The Movie: Cosmic Origins:
Just Another Heresy in Religious Garb
In August 2012, the new film Cosmic Origins will be released. Taking the lead in presentation is Fr. Robert J. Spitzer, SJ, PhD. Knowing the previous work of Fr. Spitzer, as well as seeing the trailer and the description of the movie on its website, it is relatively easy to predict what the movie will address and how it will do so. The movie will be an attempt to answer popular atheists such as Stephen Hawking who recently proposed that God wasn’t needed to start the universe. In brief, Cosmic Origins will claim that whatever cosmology Hawking and his like-minded cosmologists cook up in order to eliminate God, Christians will counter by declaring that God started it. It’s a simple formula and it has been used before by other Christian apologists.
It sounds like the Christian can’t lose; that Dr. Hawking has met his match and the game is finally over. After all, it now appears as if Dr. Hawking, who has been skirting around the edge of atheism for quite some time, finally fell off the wagon. What could be easier than denouncing an atheist? Or is it?
Let’s take a closer look at the “Christian” apologetic with which Cosmic Origins will purport to slay the mighty Hawking. Here is the first problem with its approach. Just because God is put behind the current theories of modern science doesn’t make either the science or the theology correct. Scientifically speaking, the Big Bang has shown itself to be a specious theory. It simply doesn’t work. To even make it appear as if it is working, its adherents have had to introduce all kinds of fudge factors, such as Inflation, Dark Energy, Dark Matter, varying Lambda and Omega values, isotropy and homogeneity, etc. Even its major components, the General Theory of Relativity and Quantum Mechanics, contradict one another. Things haven’t improved much with the apparent discovery of the Higgs boson, since now that they must claim to have a complete model of the atom, they left no room for gravity – the very ingredient missing from the Standard Model. All told, they have been trying to make the Big Bang stand up by its own bootstraps for the last 80 years, but to no avail. The universe is just too fine-tuned and complex to be carried by their piecemeal theories.
As such, Fr. Spitzer’s movie will not be critiquing Hawking’s Big Bang science. Rather, Spitzer, as he has done in the past, will attempt to marry Big Bangism with the watered-down version of Genesis for which he and his Jesuit colleagues have become notorious in recent years. The only real difference between Hawking and Spitzer is that Hawking follows his material cosmology to its logical conclusion, while Spitzer ties pretty bows around a failed theory and tries to sell it as the coalescence of science and religion. Consequently, Cosmic Origins will fail to answer the very questions it purports to answer.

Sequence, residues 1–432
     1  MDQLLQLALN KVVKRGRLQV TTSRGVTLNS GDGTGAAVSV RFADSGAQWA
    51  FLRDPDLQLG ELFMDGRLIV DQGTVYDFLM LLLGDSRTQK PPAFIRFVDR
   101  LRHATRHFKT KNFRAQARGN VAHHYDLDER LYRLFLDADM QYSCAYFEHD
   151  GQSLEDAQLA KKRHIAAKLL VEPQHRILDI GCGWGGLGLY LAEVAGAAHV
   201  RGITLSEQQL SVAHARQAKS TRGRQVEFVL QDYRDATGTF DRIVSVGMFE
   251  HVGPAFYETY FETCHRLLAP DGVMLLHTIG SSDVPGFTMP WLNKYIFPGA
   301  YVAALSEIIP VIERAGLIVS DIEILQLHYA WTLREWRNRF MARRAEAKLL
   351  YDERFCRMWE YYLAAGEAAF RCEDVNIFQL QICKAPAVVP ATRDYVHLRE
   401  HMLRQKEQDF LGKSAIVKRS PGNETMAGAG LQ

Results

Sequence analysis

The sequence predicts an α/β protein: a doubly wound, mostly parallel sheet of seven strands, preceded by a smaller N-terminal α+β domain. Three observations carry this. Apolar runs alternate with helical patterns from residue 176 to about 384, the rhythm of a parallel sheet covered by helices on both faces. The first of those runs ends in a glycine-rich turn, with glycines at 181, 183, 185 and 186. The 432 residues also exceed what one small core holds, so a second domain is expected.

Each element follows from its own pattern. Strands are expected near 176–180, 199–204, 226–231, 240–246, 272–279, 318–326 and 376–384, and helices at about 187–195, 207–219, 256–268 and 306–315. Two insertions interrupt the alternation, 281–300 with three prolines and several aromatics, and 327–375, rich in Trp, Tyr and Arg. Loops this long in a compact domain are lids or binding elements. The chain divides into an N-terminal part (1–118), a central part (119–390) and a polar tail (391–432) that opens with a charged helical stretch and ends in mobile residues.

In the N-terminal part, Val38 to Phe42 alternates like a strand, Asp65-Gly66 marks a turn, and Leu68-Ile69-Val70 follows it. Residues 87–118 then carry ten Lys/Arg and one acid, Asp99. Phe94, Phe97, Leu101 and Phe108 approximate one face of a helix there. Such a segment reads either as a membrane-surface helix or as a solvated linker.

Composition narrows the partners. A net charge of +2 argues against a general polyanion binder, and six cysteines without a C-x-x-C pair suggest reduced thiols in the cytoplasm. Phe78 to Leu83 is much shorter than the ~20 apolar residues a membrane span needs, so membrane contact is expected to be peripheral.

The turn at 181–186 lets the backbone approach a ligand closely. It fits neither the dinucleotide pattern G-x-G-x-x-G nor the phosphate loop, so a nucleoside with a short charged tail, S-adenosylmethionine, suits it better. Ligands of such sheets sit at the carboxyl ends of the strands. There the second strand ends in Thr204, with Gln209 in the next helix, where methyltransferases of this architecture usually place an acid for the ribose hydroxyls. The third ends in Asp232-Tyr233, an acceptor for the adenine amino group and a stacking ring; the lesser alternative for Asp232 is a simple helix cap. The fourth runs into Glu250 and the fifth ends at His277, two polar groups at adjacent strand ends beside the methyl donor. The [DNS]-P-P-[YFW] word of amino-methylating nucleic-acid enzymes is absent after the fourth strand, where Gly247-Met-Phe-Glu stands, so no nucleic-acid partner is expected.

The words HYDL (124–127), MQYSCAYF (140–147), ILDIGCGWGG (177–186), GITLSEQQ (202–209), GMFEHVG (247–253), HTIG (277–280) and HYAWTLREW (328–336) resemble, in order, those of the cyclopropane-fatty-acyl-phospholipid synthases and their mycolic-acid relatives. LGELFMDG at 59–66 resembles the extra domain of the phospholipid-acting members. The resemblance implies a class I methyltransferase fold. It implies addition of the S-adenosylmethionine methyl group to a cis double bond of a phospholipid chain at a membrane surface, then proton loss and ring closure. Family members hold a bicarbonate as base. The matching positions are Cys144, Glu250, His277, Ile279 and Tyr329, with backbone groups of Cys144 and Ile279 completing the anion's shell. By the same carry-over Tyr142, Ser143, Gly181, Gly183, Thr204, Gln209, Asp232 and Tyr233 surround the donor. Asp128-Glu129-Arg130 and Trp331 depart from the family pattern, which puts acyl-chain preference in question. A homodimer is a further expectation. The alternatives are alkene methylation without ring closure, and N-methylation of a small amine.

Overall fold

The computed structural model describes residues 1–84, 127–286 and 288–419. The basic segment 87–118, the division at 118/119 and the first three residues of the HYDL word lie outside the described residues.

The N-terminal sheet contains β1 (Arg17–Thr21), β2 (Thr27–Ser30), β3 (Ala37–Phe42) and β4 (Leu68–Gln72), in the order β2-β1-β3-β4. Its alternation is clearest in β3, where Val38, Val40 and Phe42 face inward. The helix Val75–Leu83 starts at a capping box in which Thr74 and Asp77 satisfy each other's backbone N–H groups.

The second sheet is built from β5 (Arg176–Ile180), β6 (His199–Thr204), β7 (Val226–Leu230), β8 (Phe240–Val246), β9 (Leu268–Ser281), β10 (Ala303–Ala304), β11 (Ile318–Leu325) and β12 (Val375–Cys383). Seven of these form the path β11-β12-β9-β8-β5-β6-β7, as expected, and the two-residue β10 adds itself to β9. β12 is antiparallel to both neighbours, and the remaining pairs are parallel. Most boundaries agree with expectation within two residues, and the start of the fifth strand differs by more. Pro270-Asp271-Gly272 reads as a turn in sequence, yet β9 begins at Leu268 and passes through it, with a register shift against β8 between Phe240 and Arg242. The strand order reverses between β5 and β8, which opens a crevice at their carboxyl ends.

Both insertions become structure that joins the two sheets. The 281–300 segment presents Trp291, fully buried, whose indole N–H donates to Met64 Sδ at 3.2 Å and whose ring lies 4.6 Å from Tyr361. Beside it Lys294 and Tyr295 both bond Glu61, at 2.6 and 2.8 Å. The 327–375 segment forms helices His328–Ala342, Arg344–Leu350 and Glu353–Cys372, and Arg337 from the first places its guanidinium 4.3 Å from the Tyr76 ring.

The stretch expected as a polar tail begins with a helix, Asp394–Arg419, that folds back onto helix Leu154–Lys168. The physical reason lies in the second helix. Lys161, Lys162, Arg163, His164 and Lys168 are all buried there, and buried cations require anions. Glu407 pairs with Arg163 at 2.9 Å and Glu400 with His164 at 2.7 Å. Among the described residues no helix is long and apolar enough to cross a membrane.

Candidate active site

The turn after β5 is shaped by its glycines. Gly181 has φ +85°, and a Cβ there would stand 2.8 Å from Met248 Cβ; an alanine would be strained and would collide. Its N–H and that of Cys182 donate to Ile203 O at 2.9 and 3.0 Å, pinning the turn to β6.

Cosmic Origins will also fail because the real reason Hawking believes he doesn’t need God to start the universe is because he has replaced God’s creative power with the creative power of quantum fluctuations. Hawking believes that particles from other universes appear and disappear in our universe in a fraction of a second (a theory which is partly based on the Heisenberg Uncertainty Principle which makes atomic activity random). These fluctuations sometimes take hold and develop into other universes, and according to Hawking, that is precisely how our particular universe came to exist. It is merely the product of an infinite succession of universes, one giving birth to the other.
Hawking’s new solution sprouted when he and his fellow cosmologists realized that these pertinent questions: “Where did the Big Bang come from?” and “What was before the Big Bang?” never go away. These questions were posed after modern cosmology couldn’t get the infinite “Steady State” model to work. So the finite Big Bang had to take its place, but it created a huge problem. If the universe is finite, then it must have had a beginning, and if so, how did it begin? Today’s atheistic scientists didn’t want to say that God began it, for that would make them accountable to God. So, after many years of thinking about it, they dreamed up the notion that there have been an infinite series of universes, one universe creating another by an endless process of time and chance. It is called the Multiverse. Essentially, the infiniteness of the Steady State model was repackaged to look dynamic instead of steady.
Perhaps unbeknownst to Fr. Spitzer, this new shift in cosmology presents a dire caveat for him. As Hawking was being honest with his own scientific postulates (which then led him to the infinite Multiverse), Fr. Spitzer obviously couldn’t go in the same direction since the Multiverse is intrinsically atheistic. It has no beginning and needs no God. But Fr. Spitzer and his colleagues had already accepted the Big Bang, and they were encouraged to do so because the Big Bang could then be coupled with the book of Genesis which also gives the universe a beginning. But Fr. Spitzer either didn’t see or didn’t want to accept the next step of modern cosmology – Big Bang quantum fluctuations leading to the Multiverse.